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  • Writer's pictureMary Allen

The Jesuits and Wisbech Castle

Portrait of Fr William Weston SJ

In 1478 Bishop Morton of Ely (later Archbishop of Canterbury and Chancellor of England) began the building of a castle in Wisbech, Cambridgeshire, to replace the ageing motte-and-bailey structure built by William I in 1072. His successor, Bishop Alcock, extended and completed the re-building and subsequent bishops also spent considerable sums on this new palace. By late Tudor times, however, the castle had become a notorious prison used to hold Catholics. This year, the 5th of June marks the 400th anniversary of the release of Fr Ralph Bickley and eleven other Jesuits from that prison. This blog post explores the intriguing events of the prison’s history, in particular the ‘Wisbech Stirs’.

From 1580, the decaying Wisbech Castle was used to detain Catholic clergy who had been arrested under penal laws. Its first inhabitants were Thomas Watson, Bishop of Lincoln, and other survivors of the Marian clergy, and as they died off, more Seminary priests were sent to fill their places. At first their treatment was severe with a policy of solitary confinement except at mealtimes when they were closely supervised by the keeper. Over the course of 1593, the harsh conditions were relaxed as a result of a decision by the Privy Council to remodel the prison. A new keeper was also appointed at about that time. Soon the prisoners were allowed to converse freely with each other, the keeper no longer supervised meals, and they were even permitted visitors who could bring them money and other forms of sustenance. At the time, this was an unusual amount of toleration, and Catholics would travel to visit the prison which was in effect openly and exclusively a Catholic house where they could receive the sacraments.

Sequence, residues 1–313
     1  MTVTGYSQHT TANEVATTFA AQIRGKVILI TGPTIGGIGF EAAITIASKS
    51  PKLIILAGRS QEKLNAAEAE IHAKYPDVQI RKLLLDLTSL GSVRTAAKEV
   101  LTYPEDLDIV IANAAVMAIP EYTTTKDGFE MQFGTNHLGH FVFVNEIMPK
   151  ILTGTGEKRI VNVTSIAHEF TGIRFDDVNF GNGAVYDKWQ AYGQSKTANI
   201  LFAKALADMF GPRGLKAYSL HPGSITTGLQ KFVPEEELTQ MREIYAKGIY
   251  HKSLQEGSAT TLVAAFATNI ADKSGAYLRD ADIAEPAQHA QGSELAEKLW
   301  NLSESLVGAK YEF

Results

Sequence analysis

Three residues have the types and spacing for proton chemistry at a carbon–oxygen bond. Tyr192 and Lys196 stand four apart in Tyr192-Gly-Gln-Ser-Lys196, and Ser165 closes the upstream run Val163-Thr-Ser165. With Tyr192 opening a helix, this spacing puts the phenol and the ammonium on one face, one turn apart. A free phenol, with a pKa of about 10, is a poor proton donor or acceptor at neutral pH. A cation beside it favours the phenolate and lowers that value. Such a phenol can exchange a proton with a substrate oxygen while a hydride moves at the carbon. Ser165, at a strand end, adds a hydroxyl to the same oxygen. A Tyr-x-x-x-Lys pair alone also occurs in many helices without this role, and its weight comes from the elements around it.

Unfortunately, with their new-found freedom, quarrels and disorder soon broke out between the prisoners This is perhaps not surprising considering the circumstances of their imprisonment: indefinite incarceration and, after the death of Bishop Watson in 1584, with no one to claim any real authority over the men. The consequences of the latter revealed themselves in 1588 with the arrivals, first, of Fr William Weston SJ, and then the secular priest, Dr Christopher Bagshaw. Weston had come to England in 1584 as Superior of the English Mission, in which post he remained until sometime after his arrest in 1586. During his imprisonment in London he had had great influence among both the free and his fellow prisoners, and it was to him that many turned for direction at Wisbech. Bagshaw had been sent to the English College in Rome after his ordination in1583, where he became the centre of student disturbances and was expelled in 1585. He was then sent to Riems but, due to the suspicious circumstances surrounding his obtaining of a doctorate at Padua, he was not allowed to stay and so was sent on the English Mission. He was captured upon landing in May 1585 and transferred to Wisbech. Various prisoners attached themselves to this troublemaker and, by the end of 1594, the maintenance of order had become impossible. In response, Weston decided to keep to his room and cease taking meals with the rest of the prisoners stating that he was unwilling to participate in any common life unless rules were drawn up to regulate it. When Bagshaw and his faction failed to take any action, 18 secular priests approached Weston with the intention of drawing up their own rules, hoping that the rest would eventually join them. This began the series of events known as the Wisbech Stirs.